One year, three months and 100 million transactions later the service is about to make a quantum leap in user experience as it’s becoming available in three new countries at once and is about to start supporting online and in-app purchase as well as location-based deals and stuff. You wouldn’t expect this from a company who’s coming off such “burning” issues, yet we are.

  • Android 7.0 CDD says Google may soon require OEMs to stop screwing with USB-C charging standards
  • Google Releases Android’s Distribution Numbers for November

    Google just released the November security update and around that time we also see the platform’s official distribution numbers as well. This data was recorded during the 7-day period between November 1st and November 7th, and Google reminds us that any version of Android that doesn’t make up at least 0.1% of the platform is not represented here in this graph. Yet, we’re still seeing Android 2.2 Froyo being used by 0.1% of the people who are accessing the Play Store.

Open Source for Hardware (and Open Source CNC Machine)

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Hardware
OSS
  • An Open Source 96 MSPS Logic Analyzer For $22

    If you are in the market for an inexpensive USB logic analyser you have a several choices, but few of them deliver much in the way of performance. There are kits from China for a few dollars using microcontrollers at their heart, but they fail to deliver significant sample rates. If you require more, you will have to pay for it.

    [...]

    This project has the promise to add a very useful piece of test equipment to the armoury of the engineer on a budget, and to aid the cost-conscious reader he’s provided extensive documentation and installation instructions, as well as the code for the FPGA. Thanks to one of the more awesome hacks of 2015, there is an entirely open toolchain for this Lattice part, and our own [Al Williams] has written up a multi-part getting-started guide if you want to get your feet wet. You probably want one of these anyway, and now it’s a logic analyzer to boot.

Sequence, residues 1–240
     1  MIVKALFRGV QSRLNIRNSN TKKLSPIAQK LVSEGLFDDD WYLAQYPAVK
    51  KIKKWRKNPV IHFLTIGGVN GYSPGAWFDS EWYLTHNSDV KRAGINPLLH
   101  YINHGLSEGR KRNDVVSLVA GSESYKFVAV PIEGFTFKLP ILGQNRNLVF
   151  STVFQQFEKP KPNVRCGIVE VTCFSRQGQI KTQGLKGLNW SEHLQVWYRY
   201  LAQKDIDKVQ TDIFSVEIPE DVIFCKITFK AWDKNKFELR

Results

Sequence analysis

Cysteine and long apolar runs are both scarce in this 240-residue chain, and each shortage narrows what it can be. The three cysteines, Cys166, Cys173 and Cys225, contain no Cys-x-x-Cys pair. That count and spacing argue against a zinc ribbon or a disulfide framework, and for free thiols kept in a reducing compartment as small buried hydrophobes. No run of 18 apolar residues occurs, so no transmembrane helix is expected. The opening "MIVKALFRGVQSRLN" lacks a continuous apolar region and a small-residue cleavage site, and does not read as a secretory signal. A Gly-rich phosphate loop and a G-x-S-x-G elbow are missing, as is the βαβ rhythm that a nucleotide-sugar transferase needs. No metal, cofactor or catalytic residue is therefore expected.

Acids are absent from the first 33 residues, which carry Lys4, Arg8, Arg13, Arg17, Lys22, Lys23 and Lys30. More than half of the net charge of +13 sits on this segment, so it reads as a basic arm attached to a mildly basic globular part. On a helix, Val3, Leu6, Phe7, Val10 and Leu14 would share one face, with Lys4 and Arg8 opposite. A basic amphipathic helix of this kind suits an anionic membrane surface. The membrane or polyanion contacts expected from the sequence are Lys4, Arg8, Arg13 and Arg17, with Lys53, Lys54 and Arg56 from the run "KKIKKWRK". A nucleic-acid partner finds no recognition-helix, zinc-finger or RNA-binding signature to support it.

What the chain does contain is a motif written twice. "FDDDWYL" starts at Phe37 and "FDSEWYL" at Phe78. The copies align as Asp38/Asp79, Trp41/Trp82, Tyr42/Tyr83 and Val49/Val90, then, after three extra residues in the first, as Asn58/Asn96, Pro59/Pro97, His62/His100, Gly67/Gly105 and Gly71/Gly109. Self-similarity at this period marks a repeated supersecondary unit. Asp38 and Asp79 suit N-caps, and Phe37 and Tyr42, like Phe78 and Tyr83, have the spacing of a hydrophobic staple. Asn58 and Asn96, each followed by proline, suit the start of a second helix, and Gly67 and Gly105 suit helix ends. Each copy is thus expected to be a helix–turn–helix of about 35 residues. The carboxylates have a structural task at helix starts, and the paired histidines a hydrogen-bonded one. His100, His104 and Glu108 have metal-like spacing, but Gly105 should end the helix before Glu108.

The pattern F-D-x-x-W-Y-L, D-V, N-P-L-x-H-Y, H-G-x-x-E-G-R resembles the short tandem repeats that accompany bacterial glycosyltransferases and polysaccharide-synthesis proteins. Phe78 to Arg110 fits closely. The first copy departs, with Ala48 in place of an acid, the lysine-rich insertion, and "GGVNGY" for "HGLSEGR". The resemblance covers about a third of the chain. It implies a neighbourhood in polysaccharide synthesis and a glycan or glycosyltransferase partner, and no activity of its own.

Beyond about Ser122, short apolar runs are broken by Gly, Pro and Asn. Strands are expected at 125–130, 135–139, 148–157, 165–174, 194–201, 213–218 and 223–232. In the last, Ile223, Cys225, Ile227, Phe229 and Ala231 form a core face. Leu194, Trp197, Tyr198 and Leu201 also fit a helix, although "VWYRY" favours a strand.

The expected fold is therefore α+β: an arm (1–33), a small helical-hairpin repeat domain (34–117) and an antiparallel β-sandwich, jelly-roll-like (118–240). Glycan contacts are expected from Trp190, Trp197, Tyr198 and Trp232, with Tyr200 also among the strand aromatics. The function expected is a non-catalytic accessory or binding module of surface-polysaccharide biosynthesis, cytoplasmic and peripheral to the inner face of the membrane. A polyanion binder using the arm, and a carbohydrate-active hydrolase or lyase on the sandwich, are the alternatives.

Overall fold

• Global CNC Metal Cutting Machine Tools Market Growth Value, Demand and Analysis 2016
  • Massive Open Source CNC Machine Created Offering 8 x 4ft Cutting Area (video)

    If you are looking for a large format CNC machine you might be interested in a new open source system which has been created by Bar Smith in the form of the Maslow CNC which provides a cutting surface 8 x 4ft in size.

Lenovo Issues Yoga Laptop BIOS Update To Fix Linux Woes

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GNU
Linux
Hardware

Last month was the controversy over some Lenovo Yoga laptops not working with Linux that was first alleged to be due to a Microsoft "Signature PC" requirement that later turned out to be incorrect. Well, the good news now is that Lenovo has issued a BIOS update and should allow for better Linux compatibility.

The new BIOS release that's specifically targeting Linux users now creates an AHCI SATA Controller Mode option from the BIOS and once that's enabled, you should have no problems installing Linux on the Yoga Y900. This BIOS update isn't intended for WIndows users.

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Linux Devices

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Linux
Hardware

Printing (3-D and 2-D)

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Hardware
OSS
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More in Tux Machines

Getting started with Raspberry Pi

So you have a Raspberry Pi, or you’re thinking of getting one, and you want to know how to get started and how to become a master user of one. The Raspberry Pi is a single board computer, meaning that in many ways it's a regular PC, except that everything that makes up the computer is on a single board rather than a traditional PC, which has a motherboard and requires a number of additional daughterboards to make a whole unit. Read more

Games for GNU/Linux

  • Shadow Tactics: Blades of the Shogun Hardcore Tactical Stealth Game Out on Linux
    More and more AAA games are coming to our beloved Linux platform, and nothing makes us happier than to see Daedalic Entertainment's Shadow Tactics: Blades of the Shogun title launching today on Steam for Linux, Mac, and Windows. If you're not familiar with Daedalic Entertainment's work, they are the creators of the superb and fun Deponia series, but Shadow Tactics: Blades of the Shogun is something different, a tactical stealth-strategy game in the style of the Commandos stealth-oriented real-time tactics video game series.